By Mursi Saad El-Din
It is often said that once a work of art is finished, it no longer belongs to its creator. This is no more true of any work of art than a poem, which is always interpreted differently by each reader. Sometimes led, or else misled by a critic, the reader may accept an interpretation that neither he nor the poet has thought of.
I was reminded of this when I came across a passage from a book by Duncan Wu, Wordsworth: An Inner Life, in which the writer tries to prove that William Wordsworth "was way ahead of his peers when he wrote The Prelude," which he started in 1801 and finished in 1804. The long poem was not published until 1850, however, after the poet's death. Wu believes that "this epic" was special "not just because it's the first verse autobiography in English, but because of the incredible sensitivity with which it probes the psychological traumas of its author's boyhood, anticipating Freud in its insight". In his opinion The Prelude is a revolution in literature, being a document in self-analysis.
Wu goes on to apply modern psychoanalysis to The Prelude, how Wordsworth lost both his parents at the age of 13, and how he describes this loss. He quotes lines from the opening section of the poem, when Wordsworth was waiting for horses to take him home to see his dying father. In fact, in my opinion, this is but one example of the poet's descriptive powers: "'Twas a day/ Stormy and rough, and wild, and on the grass/ I sat, half sheltered by a naked wall:/ Upon my right hand was a single sheep,/ A whistling hawthorn on my left, and there,/ Those two companions on my side, I watched/ With eyes intensely straining, as the mist/ Gave intermitting prospects of the woods/ And plain beneath."
To me this is almost like a landscape painting, or the background of a scene in a film script. In fact this quality is apparent in other poems of Wordsworth's as well, an extremely endearing quality.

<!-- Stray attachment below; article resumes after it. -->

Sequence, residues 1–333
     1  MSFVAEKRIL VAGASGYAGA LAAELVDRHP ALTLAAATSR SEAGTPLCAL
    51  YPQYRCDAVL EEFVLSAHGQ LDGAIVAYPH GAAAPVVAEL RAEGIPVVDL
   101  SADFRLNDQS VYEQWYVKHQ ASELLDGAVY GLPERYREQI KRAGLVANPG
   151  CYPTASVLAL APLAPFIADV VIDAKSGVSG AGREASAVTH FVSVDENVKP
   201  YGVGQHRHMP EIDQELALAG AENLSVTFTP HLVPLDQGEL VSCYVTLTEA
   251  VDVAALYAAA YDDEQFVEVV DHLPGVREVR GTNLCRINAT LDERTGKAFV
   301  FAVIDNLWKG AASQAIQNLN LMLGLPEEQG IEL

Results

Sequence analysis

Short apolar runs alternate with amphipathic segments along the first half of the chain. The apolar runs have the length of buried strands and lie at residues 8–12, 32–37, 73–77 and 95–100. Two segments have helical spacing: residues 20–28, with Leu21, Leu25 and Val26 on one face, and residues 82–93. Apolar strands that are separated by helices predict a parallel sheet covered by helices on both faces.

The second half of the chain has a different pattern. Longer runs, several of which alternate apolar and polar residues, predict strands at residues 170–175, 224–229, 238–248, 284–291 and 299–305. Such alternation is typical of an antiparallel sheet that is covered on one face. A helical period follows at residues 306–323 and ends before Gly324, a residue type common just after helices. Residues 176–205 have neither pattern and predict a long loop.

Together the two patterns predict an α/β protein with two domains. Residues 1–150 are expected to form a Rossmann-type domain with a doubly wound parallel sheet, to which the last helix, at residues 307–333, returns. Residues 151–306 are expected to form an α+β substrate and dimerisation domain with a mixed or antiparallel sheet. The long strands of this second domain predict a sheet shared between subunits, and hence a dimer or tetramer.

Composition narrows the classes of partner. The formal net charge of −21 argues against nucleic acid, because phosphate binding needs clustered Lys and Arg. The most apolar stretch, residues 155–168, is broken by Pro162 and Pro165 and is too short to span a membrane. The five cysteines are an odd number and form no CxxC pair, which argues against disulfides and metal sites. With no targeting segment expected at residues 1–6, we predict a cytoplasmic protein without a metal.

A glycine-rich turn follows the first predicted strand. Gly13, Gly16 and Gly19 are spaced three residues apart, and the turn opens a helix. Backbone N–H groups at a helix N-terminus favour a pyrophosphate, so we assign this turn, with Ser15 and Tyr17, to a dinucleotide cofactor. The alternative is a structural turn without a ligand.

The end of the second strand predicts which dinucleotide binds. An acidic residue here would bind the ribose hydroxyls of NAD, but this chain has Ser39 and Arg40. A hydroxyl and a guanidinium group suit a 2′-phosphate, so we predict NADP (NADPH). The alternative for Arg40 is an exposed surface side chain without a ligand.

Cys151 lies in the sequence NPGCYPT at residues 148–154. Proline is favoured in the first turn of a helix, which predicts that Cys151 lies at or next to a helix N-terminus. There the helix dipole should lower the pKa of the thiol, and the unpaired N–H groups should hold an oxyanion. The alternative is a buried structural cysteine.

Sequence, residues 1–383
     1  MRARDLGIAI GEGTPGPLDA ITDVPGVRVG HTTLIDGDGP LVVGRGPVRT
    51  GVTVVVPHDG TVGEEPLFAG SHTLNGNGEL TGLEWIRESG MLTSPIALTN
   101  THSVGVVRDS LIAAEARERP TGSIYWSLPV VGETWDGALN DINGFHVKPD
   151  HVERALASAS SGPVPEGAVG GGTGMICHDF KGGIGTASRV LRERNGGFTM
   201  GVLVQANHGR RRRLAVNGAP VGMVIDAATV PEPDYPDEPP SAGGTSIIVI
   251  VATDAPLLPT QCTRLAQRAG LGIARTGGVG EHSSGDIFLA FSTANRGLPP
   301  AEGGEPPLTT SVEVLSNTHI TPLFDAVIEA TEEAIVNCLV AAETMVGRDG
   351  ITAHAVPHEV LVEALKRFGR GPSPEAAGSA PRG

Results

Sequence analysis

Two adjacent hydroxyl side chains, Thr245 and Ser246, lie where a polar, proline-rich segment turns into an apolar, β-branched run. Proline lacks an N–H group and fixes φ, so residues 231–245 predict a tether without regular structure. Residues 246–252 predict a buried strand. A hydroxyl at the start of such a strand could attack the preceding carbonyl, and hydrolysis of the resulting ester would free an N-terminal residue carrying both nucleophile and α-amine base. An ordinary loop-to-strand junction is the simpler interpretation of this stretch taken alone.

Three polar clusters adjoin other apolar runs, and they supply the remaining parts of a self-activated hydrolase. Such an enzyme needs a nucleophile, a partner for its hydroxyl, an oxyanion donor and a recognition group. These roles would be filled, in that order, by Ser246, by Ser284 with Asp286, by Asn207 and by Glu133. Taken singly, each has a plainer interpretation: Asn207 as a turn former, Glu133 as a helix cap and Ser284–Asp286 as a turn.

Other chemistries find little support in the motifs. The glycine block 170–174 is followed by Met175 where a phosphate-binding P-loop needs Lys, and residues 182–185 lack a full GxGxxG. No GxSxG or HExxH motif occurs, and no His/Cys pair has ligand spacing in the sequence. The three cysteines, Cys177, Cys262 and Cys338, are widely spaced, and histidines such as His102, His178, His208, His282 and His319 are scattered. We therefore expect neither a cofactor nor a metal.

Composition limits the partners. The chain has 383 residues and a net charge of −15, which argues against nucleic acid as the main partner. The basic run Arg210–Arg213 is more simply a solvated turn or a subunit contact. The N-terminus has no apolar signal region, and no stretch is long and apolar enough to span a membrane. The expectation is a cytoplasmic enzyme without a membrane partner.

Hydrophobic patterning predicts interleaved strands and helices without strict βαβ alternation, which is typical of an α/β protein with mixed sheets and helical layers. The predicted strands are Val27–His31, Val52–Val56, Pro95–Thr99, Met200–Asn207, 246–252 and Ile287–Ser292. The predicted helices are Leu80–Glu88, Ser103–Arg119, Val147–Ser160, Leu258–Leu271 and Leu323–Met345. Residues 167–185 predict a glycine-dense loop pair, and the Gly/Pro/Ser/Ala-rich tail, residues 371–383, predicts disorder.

After reading this part of Wu's book, I hurriedly got out Wordsworth's Collected Poems. "The Affliction of Margaret", for one, is a sad tale in verse that starts with Margaret, the mother, asking, "Where art thou, my beloved Son/ Where art thou, worse to me than dead?" The poet then goes on to describe how she has heard nothing from or of her son for seven years, and we hear her lamenting his absence: "He was among the prime in Woth,/ An object beauteous to behold;/ Well born, well bred; I sent him forth/ Ingenuous, innocent, and bold..." A despairing poem, it ends on a hopeful note: "Then come to me, my Son, or send/ Some tidings, that my woes may end;/ I have no other earthly friend."
Another poem, "Ruth, or The Influences of Nature", almost like a myth, reads like a gripping narrative: "When Ruth was left half desolate/ Her father took another mate;/ And Ruth, not seven years old,/ A slighted child, at her own will/ Went wandering over dale and hill,/ In thoughtless freedom bold." Ruth's life thus unfolds: her meeting with a youth from Georgia's shore, their marriage, his escapades, her misery, until the tale finally comes to the end: "Farewell! and when thy days are told,/ Ill-fated Ruth! in hallow'd mould/ Thy corpse shall buried be;/ For thee a funeral bell shall ring,/ And all the congregation sing/ A Christian psalm for thee."
To go back to Duncan Wu, and his interpretation of The Prelude, as an autobiography of the poet. It is young Wordsworth's feelings about the death of his parents that impress Wu. While poets of earlier ages offered only traditional age-old consolations, Wordsworth provides a key to the workings of the human spirit.